http://conventions.coe.int/Treaty/Commun/ChercheSig.asp?NT=197&CM=8&DF=09/01/2006&CL=ENG
Tel: +32 2 230.17.32 – Fax: +32 2 231.14.13 – e-mail:
csc.bru@cec-kek.be
Page 2
It is open for signature not only by Council of Europe member states (46 states), but also the
European Community and states not members of Council of Europe (Canada, the Holy See,
Japan, Mexico, the United States) which took part in its drawing.
Your action requested
As the Convention will only enter into force after 10 ratifications, including 8 member states of the
Council of Europe we would like to encourage you to advocate for the ratification, or in case your
country has not signed it yet, for signature. You may also wish to use this opportunity to re-launch
the debate in your country on certain issues addressed in the Convention.
To support your action in the annex to this letter we would like to highlight the positive aspects of
the Convention as well as aspects were national legislation could go further. It is a short non-
exhaustive assessment of the Convention.
This call goes out to Churches and Christian agencies in Europe, in particular to the membership
of Caritas Europa, Churches Commission for Migrants in Europe and Conference of European
Churches. In case you take action in your country we suggest getting in touch with the member
organisations of the other umbrella networks in order to enable coordinated and powerful
advocacy efforts. Contact details about member organisations in your country are available in the
respective European Secretariat of the above-mentioned organisations or websites
3
. We would
also encourage you to inform your own umbrella organisations of your activities to enable
exchange of good practices and allows for an overview of what has been achieved. Moreover it
would help future advocacy initiatives if you could give a feed back on the utility of this letter.
Signed
Marius Wanders
Doris Peschke
Rüdiger Noll
General Secretary
General Secretary
Director
Caritas Europa
Churches´ Commission for
Conference of
Migrants in Europe
European Churches -
– Church and Society
C
o
m
m
i
s
s
i
o
n
******************************************************************************************************
The Churches’ Commission for Migrants in Europe (CCME) is the ecumenical agency on migration and integration, asylum and
refugees, and against racism and discrimination in Europe. Members are Anglican, Orthodox and Protestant Churches and
Councils of Churches as well as church-related agencies across Europe. CCME formally cooperates with the Conference of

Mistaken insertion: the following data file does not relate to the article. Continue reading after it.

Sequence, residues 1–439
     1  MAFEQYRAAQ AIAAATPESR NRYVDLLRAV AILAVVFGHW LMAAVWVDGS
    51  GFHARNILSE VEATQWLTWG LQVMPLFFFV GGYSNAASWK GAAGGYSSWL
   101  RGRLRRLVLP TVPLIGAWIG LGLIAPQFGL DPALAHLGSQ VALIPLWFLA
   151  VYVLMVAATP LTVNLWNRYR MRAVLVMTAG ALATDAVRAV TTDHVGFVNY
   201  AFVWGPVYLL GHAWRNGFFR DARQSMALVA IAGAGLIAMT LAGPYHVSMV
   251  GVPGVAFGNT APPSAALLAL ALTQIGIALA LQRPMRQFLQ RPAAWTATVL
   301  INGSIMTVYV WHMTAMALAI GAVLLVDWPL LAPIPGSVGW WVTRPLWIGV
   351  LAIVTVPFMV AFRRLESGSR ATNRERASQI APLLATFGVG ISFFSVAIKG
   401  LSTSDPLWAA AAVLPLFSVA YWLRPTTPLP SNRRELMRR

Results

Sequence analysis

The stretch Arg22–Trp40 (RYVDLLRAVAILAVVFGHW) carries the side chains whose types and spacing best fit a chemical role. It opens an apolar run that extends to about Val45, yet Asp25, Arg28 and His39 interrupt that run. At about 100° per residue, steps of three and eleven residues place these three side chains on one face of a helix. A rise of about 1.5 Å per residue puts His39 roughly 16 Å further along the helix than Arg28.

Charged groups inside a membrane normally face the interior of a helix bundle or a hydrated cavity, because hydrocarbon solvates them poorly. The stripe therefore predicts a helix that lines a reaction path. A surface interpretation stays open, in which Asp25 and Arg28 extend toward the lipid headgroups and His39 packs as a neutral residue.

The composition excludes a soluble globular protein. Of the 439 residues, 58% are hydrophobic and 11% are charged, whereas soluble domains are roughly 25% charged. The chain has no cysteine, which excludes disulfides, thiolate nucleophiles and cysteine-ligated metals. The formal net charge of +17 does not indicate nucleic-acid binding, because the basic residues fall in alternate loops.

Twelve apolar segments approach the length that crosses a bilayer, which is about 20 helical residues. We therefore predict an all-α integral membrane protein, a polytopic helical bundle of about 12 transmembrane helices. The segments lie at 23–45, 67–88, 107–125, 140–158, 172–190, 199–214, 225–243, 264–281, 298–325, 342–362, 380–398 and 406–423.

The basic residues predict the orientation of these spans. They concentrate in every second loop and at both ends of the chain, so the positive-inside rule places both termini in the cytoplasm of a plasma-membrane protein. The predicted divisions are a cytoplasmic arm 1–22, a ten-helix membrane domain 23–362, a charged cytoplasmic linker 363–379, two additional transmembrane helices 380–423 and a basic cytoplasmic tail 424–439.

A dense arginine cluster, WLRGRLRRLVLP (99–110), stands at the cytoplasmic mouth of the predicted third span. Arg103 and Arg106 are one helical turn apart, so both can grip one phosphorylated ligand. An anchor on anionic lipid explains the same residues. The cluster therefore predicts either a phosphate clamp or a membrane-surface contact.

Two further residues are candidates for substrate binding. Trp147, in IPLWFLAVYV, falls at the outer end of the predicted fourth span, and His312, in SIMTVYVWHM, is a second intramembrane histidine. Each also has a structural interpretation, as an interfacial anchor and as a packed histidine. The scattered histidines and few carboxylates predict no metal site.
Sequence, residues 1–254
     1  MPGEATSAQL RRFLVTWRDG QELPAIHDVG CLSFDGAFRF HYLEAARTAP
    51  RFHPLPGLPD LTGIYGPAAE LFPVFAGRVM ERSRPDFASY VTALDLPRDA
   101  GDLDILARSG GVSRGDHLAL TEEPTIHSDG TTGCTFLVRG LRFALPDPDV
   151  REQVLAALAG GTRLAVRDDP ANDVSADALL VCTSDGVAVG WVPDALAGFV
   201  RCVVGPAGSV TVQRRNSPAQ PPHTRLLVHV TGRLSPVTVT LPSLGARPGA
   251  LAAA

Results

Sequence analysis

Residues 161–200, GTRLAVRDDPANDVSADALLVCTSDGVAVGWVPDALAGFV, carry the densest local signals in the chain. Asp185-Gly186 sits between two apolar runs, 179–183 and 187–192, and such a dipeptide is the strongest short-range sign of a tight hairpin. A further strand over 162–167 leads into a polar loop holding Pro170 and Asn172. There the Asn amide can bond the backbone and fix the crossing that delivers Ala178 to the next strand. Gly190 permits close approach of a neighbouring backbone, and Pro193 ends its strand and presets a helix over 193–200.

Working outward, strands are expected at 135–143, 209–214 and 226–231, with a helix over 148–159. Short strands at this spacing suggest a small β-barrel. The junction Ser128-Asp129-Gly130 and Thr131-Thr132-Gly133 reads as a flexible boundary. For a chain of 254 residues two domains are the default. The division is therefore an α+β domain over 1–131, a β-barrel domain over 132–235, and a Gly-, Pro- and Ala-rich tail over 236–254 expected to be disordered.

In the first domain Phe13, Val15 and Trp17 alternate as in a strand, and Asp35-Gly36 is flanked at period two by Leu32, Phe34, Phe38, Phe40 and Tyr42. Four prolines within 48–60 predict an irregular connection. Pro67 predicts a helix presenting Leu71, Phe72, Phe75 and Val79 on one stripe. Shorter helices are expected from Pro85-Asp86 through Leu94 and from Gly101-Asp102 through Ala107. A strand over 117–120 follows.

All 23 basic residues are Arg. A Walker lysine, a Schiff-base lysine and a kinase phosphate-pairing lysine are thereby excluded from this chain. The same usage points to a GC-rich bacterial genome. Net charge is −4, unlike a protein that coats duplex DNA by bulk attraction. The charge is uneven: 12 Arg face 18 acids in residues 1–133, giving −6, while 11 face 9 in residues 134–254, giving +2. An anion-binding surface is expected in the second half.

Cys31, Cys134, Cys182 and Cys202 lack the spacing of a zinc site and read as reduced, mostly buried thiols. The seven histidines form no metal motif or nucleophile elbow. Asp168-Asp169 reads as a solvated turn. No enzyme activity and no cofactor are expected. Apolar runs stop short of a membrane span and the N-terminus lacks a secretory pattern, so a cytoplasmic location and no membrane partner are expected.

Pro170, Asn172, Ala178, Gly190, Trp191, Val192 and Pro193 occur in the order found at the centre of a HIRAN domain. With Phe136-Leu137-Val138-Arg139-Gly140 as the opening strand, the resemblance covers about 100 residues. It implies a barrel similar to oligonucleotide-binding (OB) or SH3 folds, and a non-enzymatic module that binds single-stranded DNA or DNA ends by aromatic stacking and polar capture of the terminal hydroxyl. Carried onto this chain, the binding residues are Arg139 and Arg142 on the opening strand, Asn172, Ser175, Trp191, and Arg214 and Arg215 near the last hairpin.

European Churches and the World Council of Churches.
The Conference of European Churches (CEC) is a fellowship of some 125 Orthodox, Protestant, Anglican and Old Catholic
Churches from all countries of Europe, plus 40 associated organisations. CEC was founded in 1959. It has offices in Geneva,
Brussels and Strasbourg.
Caritas Europa was created in 1971 and brings together 48 organisations that are working in 44 European countries. Caritas
Europa focuses its activities on issues relating to poverty and social inequality, and issues of migration and asylum, both within the
European Union and in all other European countries.
CCME and Caritas, together with member organizations and partners, cooperate in the project CAT (“Christian Action and
Networking against Trafficking in Women”) and the network COATNET (“Christian Organisations against Trafficking in Women”).
3
For Coatnet Users: on the database on organisations engaged in counter-trafficking activities in the Coatnet-Extranet
Page 3
Annex: Short assessment of the Convention
1.
General content of the Convention
The Convention tries to offer a comprehensive approach to combating Trafficking in Human
Beings. It deals with prevention as well as with law enforcement aspects. It also devotes
considerable attention to the protection and the promotion of rights of trafficked persons. A new
monitoring system should be established…. An experts’ group should be established to monitor
the implementation of the convention.
2.
Positive aspects of the Convention
The preamble fully recognizes Trafficking as a
violation of human rights
and an
offence to human dignity. It equally establishes respect for victims’ rights and protection of victims
as paramount objectives of the Convention.